Rio is one of the premier tourist destinations in the world. The city's vibrant culture and many museums, historical sites, and physical features, especially the beaches of Copacabana and Ipanema, attract large crowds of visitors, as do events and festivals such as the annual Carnival and New Year's Eve celebrations. However, it is also one of the premier economies in South America and presents as many opportunities for professional advancement as it does for personal enjoyment.
Rio de Janeiro is home to a multitude of important cultural and historical sites, the most famous of all being the gargantuan statue of Christ the Redeemer. Though many of these monuments speak to Brazil's colonial history, the culture of Rio de Janeiro reflects the true diversity of the Brazilian populace. It is the city of one of Brazil's most famous novelists, Machado de Assis, and the birthplace of the bossa nova and Funk Carioca music styles. Rio is a city of cultural exuberance and innovation in addition to being a tourist hotspot.Photo Credit: Jaime Spaniol.
Business: Rio's economy is diverse and growing rapidly; the average GDP growth rate in Brazil is 5% per year. The city's Centro quarter is home to the financial district as well as many Brazilian and international businesses. A business internship in Rio will help you build the skills and connections you need to break into the field. Rio can be the introduction you need to the high-paced and increasingly international world of business.
Hospitality/Tourism: Rio de Janeiro's warm beaches and tropical forests have made it a popular tourist destination. The city's Carnival and New Year's Eve festivals draw visitors from all over the world. Rio's rich culture appeals to a diverse cross-section of travelers. Working as an intern in the hospitality or tourism industry in Rio provides a great introduction to the field, allowing you to get hands-on experience in a popular getaway spot. Your internship will also mean that you have the inside scoop on all the best things to see and do while you're in Rio.
Social Development: Despite the city's strong economic foundations, income inequality in Rio is staggering. The numerous shanty towns, or favelas, serve as indicators of the city's economic disparities. As its economy grows, the City of Rio de Janeiro has been working to close the gap between its rich and poor citizens, however many people still lack access to basic and essential resources. In addition, some of the city's major construction projects are likely to put these populations at even greater risk. As a social development intern, you can work to help increase access to healthcare, food, education, and advocacy tools for the most vulnerable of Rio's residents.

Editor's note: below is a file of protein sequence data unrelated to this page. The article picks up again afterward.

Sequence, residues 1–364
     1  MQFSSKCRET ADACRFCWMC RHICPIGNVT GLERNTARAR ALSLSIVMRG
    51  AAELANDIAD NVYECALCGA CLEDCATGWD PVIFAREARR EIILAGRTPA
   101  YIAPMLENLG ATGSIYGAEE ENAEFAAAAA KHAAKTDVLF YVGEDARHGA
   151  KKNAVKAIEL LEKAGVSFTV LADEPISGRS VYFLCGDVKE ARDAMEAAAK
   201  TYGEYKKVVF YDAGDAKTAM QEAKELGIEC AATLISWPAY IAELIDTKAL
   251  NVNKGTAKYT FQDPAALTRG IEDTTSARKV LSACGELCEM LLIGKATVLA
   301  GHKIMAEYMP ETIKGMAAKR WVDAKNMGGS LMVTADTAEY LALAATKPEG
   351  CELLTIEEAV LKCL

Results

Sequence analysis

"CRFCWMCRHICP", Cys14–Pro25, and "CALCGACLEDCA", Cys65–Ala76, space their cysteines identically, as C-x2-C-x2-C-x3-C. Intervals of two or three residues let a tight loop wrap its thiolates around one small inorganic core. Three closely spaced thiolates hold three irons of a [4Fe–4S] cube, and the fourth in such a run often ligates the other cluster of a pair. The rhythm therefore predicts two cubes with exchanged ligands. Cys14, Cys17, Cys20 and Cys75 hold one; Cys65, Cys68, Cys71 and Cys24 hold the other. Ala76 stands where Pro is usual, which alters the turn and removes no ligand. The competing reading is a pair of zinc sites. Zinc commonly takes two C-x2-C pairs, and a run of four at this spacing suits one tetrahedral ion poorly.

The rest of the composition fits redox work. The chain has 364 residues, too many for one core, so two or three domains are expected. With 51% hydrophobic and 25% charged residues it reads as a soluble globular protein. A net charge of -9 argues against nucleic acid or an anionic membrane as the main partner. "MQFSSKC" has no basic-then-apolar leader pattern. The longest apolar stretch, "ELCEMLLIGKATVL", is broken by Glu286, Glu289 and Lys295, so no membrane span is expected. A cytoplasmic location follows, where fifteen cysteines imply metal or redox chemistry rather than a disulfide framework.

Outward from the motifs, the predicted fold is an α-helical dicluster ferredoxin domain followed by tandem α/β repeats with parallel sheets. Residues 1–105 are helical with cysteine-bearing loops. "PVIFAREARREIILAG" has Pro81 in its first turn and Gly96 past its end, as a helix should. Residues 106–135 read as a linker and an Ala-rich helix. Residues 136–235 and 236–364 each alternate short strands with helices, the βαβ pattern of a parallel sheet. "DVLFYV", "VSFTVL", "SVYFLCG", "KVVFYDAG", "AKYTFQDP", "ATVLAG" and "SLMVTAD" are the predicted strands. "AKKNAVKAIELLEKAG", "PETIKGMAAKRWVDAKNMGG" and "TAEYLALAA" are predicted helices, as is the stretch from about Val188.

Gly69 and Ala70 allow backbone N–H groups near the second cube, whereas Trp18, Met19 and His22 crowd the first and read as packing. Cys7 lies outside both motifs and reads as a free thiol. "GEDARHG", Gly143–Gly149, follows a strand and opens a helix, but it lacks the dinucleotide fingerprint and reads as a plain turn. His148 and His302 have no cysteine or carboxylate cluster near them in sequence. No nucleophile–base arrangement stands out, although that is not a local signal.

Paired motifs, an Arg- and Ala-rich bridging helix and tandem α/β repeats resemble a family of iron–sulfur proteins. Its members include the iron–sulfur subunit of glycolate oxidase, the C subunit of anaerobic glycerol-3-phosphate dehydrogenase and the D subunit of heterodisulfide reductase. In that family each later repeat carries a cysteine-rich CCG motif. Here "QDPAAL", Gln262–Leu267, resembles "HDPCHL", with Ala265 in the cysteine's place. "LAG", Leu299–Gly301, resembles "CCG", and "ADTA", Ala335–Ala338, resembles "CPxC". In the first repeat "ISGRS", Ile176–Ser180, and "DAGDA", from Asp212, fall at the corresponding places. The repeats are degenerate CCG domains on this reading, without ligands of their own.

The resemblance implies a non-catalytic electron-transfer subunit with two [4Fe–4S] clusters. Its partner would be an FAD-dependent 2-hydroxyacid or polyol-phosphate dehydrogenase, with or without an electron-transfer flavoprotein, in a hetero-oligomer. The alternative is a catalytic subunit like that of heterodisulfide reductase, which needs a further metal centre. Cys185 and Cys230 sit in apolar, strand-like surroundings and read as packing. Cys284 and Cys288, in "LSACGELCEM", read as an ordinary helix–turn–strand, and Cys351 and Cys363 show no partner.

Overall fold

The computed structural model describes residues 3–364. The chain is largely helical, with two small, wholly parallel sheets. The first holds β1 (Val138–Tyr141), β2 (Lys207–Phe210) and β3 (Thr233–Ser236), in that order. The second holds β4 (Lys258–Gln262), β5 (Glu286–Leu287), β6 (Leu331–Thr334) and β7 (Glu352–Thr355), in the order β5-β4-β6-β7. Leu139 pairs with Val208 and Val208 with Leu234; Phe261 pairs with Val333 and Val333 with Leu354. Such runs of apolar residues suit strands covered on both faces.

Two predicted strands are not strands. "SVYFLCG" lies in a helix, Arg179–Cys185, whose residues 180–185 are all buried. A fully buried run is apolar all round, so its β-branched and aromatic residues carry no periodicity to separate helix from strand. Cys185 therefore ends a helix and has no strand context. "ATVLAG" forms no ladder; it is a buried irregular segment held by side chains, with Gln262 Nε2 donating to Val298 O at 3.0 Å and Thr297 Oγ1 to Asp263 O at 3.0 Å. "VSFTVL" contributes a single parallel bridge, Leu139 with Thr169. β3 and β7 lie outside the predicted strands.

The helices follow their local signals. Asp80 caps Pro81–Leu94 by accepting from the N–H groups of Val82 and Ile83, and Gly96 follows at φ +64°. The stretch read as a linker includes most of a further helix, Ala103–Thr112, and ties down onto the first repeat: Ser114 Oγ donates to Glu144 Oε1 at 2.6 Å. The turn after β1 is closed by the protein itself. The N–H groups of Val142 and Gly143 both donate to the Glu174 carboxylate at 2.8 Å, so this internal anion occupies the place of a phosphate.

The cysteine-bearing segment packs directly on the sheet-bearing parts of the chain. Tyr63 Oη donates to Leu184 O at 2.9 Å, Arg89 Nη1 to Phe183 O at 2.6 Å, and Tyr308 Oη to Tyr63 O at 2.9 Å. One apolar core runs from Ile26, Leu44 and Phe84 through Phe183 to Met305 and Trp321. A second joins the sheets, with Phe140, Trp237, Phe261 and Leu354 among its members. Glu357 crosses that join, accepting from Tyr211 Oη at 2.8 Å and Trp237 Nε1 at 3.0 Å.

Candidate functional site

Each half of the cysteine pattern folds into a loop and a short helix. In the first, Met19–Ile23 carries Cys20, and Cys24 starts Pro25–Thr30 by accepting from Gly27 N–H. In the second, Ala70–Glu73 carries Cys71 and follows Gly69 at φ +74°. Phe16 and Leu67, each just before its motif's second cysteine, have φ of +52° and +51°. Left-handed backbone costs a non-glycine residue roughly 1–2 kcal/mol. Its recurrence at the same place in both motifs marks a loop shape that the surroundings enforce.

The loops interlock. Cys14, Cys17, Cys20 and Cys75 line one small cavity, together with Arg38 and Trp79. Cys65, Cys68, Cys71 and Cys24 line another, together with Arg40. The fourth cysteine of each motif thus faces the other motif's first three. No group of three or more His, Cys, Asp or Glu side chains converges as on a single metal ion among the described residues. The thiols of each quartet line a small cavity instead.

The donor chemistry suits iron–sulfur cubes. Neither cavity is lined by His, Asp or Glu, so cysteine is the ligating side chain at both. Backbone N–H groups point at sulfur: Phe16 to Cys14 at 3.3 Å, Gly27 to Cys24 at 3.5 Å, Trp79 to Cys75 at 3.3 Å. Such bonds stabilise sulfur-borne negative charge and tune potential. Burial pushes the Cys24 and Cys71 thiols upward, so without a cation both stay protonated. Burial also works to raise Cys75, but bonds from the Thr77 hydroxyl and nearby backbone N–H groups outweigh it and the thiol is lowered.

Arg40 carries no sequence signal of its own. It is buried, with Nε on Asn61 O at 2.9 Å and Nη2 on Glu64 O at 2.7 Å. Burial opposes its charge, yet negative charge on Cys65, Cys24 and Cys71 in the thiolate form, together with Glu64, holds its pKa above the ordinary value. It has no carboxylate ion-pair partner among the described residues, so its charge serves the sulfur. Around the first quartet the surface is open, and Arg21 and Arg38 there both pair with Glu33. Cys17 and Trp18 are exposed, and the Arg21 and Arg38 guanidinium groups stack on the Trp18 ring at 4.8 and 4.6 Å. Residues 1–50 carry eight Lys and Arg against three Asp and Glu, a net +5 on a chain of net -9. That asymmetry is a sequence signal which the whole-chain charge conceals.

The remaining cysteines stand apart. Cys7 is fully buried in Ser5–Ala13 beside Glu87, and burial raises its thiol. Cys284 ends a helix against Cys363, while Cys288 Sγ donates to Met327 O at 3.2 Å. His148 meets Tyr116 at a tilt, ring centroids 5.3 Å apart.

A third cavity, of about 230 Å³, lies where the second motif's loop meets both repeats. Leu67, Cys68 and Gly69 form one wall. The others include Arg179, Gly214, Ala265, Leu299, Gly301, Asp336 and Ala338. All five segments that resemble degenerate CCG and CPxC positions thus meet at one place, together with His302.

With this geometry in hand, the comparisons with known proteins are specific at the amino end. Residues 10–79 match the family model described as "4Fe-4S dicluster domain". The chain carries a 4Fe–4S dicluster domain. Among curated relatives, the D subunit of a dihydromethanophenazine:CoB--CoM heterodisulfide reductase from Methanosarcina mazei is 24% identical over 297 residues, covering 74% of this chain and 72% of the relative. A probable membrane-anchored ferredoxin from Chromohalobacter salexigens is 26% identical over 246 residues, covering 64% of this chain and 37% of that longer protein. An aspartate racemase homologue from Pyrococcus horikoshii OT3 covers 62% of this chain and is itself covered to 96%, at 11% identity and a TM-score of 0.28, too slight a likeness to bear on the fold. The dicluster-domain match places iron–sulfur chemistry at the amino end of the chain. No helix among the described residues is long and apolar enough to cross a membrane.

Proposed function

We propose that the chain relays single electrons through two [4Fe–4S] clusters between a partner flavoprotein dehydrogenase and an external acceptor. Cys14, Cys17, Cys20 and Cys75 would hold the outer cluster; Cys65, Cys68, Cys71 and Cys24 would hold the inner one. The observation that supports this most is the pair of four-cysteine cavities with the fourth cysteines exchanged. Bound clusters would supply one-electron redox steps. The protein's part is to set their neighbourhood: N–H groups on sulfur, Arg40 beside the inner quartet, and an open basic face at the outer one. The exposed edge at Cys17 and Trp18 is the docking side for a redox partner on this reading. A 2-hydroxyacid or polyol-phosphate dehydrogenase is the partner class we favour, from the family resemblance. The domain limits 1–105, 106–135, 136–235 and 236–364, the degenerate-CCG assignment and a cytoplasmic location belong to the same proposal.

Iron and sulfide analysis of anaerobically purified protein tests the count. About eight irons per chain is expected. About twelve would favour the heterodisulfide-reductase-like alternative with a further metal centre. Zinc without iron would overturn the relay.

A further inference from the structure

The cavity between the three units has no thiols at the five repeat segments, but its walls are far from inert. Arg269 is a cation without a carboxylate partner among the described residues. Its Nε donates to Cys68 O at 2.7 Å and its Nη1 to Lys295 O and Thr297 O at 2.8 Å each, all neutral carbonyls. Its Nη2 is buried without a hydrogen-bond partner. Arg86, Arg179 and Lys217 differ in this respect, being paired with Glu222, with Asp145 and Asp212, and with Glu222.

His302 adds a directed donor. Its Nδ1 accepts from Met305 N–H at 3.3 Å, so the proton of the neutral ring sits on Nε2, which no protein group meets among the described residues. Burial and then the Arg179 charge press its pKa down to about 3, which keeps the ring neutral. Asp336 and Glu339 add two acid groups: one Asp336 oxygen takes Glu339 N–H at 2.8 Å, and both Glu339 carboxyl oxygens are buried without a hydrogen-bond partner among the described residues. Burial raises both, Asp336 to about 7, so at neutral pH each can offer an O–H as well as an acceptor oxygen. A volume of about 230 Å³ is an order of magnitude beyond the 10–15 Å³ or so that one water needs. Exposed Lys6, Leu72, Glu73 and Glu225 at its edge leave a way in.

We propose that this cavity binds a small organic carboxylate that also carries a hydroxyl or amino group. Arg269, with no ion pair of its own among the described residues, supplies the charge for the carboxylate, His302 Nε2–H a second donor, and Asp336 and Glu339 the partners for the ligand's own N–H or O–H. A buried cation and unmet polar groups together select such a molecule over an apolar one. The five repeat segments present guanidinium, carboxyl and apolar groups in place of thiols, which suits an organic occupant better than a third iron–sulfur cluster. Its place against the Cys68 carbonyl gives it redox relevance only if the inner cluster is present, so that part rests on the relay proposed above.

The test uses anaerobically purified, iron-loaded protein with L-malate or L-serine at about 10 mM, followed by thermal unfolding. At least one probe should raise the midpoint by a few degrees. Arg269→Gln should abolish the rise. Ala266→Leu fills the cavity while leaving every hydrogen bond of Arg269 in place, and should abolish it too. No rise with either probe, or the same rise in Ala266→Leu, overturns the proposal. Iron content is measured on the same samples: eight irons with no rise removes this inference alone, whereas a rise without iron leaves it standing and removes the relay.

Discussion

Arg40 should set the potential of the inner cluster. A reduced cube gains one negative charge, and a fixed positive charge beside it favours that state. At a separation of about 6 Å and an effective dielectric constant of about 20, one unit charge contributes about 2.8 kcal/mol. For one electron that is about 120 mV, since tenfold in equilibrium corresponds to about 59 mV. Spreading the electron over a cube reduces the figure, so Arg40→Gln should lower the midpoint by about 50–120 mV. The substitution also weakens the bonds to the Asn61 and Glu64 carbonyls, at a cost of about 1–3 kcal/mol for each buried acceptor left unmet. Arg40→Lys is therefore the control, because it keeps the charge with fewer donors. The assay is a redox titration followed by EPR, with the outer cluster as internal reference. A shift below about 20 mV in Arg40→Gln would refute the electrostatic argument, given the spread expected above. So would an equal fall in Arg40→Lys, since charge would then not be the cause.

When and Where to Look for an Internship
Internships are usually available year-round. Depending on the type of work you want to do, look for universities, companies, or NGOs that operate in Rio, since many of them are looking for interns.
Cost of Living in Rio de Janeiro
Most internships in Brazil are paid. Here are some expenses to help you determine the cost of living in Rio:
- 1 bedroom apartment in the City Center: $890
- Monthly transit pass: $66
- 1 liter of milk: $1.11
Work Culture in Rio de Janeiro
Etiquette: Professional dress in Rio tends to be more formal. Both men and women dress fashionably, and women in general dress very femininely. Personal conversation can be very forthcoming and open about personal details. Greeting people is usually done with a handshake; friends will often also greet each other with a pat on the back or a kiss on the cheek. At work, last names and titles used for superiors.
Language: Portuguese is the official language in Brazil, but English is commonly spoken.
Networking: As a capital city and popular tourist destination, Rio draws in many conferences and business professionals. Personal introductions are very important for making professional connections in Brazil, so working to connect with people in your program and having them introduce you to others is probably the best way to go about networking in Brazil.
Work and Labor Laws in Rio de Janeiro
Internships in Brazil, known as estágios, are regulated by the Lei do Estágio (Internship Law). This law requires almost all internships to be paid, limits the hours worked per week to 30, mandates that companies provide Personal Injury Service, and ensures the right of interns to 30 days of paid holiday for each year worked.
Interns from the United States must obtain a visa before arriving in Brazil from the Brazilian embassy or consulate nearest to them. For more information on visas, see the US State Department.